Let me specify…we’re not talking complicated, Dostoyevskian, “which one of the three brothers is the most irrevocably effed?” kind of bad guy. We’re talking two guys walk into a novel, and one of them you’re really going to hate.
So, I guess we’re talking Tolstoy.. It’s either Levin and Vronsky, or it’s Vronsky and Karenin.
Why do you always immediately know which one is which? Why do you know that Willoughby is Willoughby? More importantly, why do you know that Brandon is Brandon?
(By the way, this unfortunately works in life, too. Yes, every single broken heart was always written from the beginning. Jane Austen wrote your life. Deal.)
I’m distracted. (Why else do I ever write?) I’m distracted by a severely disappointing love story that occurs in a book I’m otherwise examining for its portrayal of certain detours away from the Fanonian idea of manichaeistic violence that is seen in most early post-/colonial Senegalese literature.
Here’s a hint – Love is not one of them. Love is a symptom of violence. Love is what happens when you don’t do what your older sister told you to and marry the rich man. Love is what causes you to get pregnant and smallpox. Love is a disease and it’s living death. Love turns you into a zombie.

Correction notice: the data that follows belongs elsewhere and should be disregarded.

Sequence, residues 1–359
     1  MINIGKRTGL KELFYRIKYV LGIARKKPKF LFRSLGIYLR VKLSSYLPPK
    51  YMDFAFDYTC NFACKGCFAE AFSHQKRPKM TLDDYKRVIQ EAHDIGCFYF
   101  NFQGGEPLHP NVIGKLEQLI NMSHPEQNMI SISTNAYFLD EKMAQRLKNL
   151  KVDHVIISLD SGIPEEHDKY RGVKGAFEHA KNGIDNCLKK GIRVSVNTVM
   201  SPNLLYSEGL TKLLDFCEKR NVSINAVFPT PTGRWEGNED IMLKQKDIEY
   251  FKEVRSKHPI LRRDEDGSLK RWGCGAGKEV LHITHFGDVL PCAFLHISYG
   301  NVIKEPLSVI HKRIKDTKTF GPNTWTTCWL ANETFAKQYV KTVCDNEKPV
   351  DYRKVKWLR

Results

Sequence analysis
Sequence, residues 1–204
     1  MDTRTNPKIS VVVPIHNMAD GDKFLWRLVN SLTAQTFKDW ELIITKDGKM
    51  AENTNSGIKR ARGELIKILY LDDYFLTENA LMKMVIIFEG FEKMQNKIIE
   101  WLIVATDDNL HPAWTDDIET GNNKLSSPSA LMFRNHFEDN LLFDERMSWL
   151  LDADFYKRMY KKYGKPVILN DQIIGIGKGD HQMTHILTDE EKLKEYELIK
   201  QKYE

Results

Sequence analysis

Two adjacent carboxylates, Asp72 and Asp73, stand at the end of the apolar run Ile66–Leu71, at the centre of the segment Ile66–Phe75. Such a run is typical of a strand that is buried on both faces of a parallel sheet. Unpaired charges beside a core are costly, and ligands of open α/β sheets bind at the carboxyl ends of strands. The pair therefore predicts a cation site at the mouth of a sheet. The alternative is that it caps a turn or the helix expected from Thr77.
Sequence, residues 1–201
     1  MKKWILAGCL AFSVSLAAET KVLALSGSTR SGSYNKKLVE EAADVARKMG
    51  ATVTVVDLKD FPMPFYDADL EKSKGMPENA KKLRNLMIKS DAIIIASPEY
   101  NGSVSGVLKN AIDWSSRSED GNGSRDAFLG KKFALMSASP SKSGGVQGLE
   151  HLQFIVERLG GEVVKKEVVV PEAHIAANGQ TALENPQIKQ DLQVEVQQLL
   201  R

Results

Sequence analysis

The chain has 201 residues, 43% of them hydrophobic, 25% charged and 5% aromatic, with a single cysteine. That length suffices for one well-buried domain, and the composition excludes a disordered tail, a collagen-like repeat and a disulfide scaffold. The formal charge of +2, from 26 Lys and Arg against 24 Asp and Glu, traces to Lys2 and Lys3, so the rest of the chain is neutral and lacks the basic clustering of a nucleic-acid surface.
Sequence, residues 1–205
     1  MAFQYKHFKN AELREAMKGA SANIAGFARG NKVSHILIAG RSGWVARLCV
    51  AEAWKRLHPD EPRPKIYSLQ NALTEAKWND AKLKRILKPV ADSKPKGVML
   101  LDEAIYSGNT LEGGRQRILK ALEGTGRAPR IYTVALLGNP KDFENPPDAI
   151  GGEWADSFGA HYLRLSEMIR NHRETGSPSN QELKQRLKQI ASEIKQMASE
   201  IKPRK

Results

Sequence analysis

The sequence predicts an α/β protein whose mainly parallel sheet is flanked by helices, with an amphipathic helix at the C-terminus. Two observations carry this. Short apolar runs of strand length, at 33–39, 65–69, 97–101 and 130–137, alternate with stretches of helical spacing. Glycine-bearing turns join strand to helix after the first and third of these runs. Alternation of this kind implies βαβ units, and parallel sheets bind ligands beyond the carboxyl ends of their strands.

What fascinates me about this particular love story is the complete lack of indication that it’s not going to work out. But you still know. She sees him on his bicycle at the movie theater, and you know. He is too shy to say hello, and you know. He rides the train with her all the way to Thiès, promising to honor both her and their unborn child by marrying her. Look, here’s 1000 francs for your mother. I swear I’ll come to Louga and we’ll have a traditional ceremony and I’ll bring you back to Dakar and we’ll raise this child together. But you know he won’t.
Why? Continue reading